War of the Rebellion: Serial 086 Page 0270 LOUISIANA AND THE TRANS-MISSISSIPPI. Chapter LIII.

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Mouth of White River, October 27, 1864.

Major General F. STEELE,

Commanding Department of Arkansas:

GENERAL: Yesterday at 5 p. m. I embarked a reconnoitering force of 200 mounted men, to land at Gaines' Landing, Point Chicot, and such of a gun-boat. Will communicate as soon as the expedition is heard from. Will send to-day another regiment of colored troops to Saint Charles and return the remaining one to Vicksburg. My troops have not yet returned from Memphis, but we are expecting them hourly. One brigade has got up to Paducah, Ky. Some women in from Arkansas yesterday, via Gaines' Landing, but they know nothing, or knowing will not tell. I will send them back to Arkansas. Cannot learn thus far that there is any rebel force near the Mississippi River. Slack's brigade mostly in to-day.

Very respectfully, &c.,




Vicksburg, Miss., October 27, 1864.

Major General J. J. REYNOLDS,

Commanding Nineteenth Army Corps, in the Field, on White River:

GENERAL: I have the honor to inform you that I have a small cavalry expedition operating on either side of the Mississippi in vicinity of Ashton, and am this morning in receipt of the following from Colonel E. D. Osband, commanding, dated Shipwith's Landing, 25th instant:

I have the honor to report a small skirmish and one rebel mortally wounded. He states that all troops were ordered out of here to-morrow to concentrate at Oxford, Miss., to participate in a combined attack on Memphis.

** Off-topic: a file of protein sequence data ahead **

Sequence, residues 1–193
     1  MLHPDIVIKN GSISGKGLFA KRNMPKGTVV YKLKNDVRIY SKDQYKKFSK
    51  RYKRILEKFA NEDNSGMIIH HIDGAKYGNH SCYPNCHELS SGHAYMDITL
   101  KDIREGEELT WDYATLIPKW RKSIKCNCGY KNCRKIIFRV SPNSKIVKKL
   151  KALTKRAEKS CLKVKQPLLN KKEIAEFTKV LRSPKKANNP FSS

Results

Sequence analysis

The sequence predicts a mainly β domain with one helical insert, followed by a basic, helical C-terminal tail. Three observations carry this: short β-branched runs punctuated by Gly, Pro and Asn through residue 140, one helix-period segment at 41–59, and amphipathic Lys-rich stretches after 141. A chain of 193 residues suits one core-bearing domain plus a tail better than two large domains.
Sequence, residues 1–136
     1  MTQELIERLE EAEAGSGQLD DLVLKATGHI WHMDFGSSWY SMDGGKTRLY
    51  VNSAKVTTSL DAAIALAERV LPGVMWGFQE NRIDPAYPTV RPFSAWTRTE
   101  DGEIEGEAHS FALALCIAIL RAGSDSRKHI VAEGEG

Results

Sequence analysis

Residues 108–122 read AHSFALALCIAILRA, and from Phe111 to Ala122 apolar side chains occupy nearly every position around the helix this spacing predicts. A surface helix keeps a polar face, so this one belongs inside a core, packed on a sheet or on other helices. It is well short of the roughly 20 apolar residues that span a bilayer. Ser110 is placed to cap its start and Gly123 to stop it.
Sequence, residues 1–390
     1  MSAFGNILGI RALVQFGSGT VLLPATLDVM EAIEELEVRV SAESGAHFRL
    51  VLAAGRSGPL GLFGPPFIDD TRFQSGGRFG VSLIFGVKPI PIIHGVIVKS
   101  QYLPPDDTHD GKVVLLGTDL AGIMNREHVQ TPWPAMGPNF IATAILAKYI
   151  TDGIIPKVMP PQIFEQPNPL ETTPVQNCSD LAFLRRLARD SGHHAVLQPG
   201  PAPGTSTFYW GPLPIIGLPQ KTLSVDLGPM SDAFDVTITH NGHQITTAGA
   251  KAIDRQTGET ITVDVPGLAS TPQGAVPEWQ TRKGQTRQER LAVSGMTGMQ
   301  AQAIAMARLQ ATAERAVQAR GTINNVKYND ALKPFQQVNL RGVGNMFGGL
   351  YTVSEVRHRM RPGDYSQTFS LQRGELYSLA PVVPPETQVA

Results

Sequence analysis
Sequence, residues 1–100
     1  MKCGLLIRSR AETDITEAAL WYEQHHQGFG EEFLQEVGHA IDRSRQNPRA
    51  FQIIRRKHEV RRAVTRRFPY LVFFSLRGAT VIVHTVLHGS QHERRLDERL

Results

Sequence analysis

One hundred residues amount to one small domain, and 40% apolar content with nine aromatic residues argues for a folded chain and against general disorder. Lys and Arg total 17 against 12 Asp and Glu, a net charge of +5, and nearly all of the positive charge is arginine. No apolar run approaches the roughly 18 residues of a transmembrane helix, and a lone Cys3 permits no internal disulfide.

I have forwarded a copy of the report to Major-General Washburn, commanding at Memphis.

Very respectfully, your obedient servant,

N. J. T. DANA,


GAINES' LANDING, October 27, 1864.

[General J. J. REYNOLDS:]

GENERAL: I have landed here and will start soon on a scout in the country; will go to Bayou Mason if I can. From a man by name of Parkman I am told that Kirby Smith and Magruder met at Washington a few days ago, and that they, with a large force, will advance on Pine Bluff and Little Rock on Monday next; he says he knows this to be true. A negro who says that he left Camden on Monday last tells me that there was a large force of troops on the other side of the Washita River near Camden. Parkman says that Parsons' headquarters are nine miles beyond Monticello; that he is placed there as a guard for this country; has a battery of six pieces and one brigade.

Very respectfully, your obedient servant,


Lieutenant-Colonel Eighty-seventh Illinois Mounted Infantry.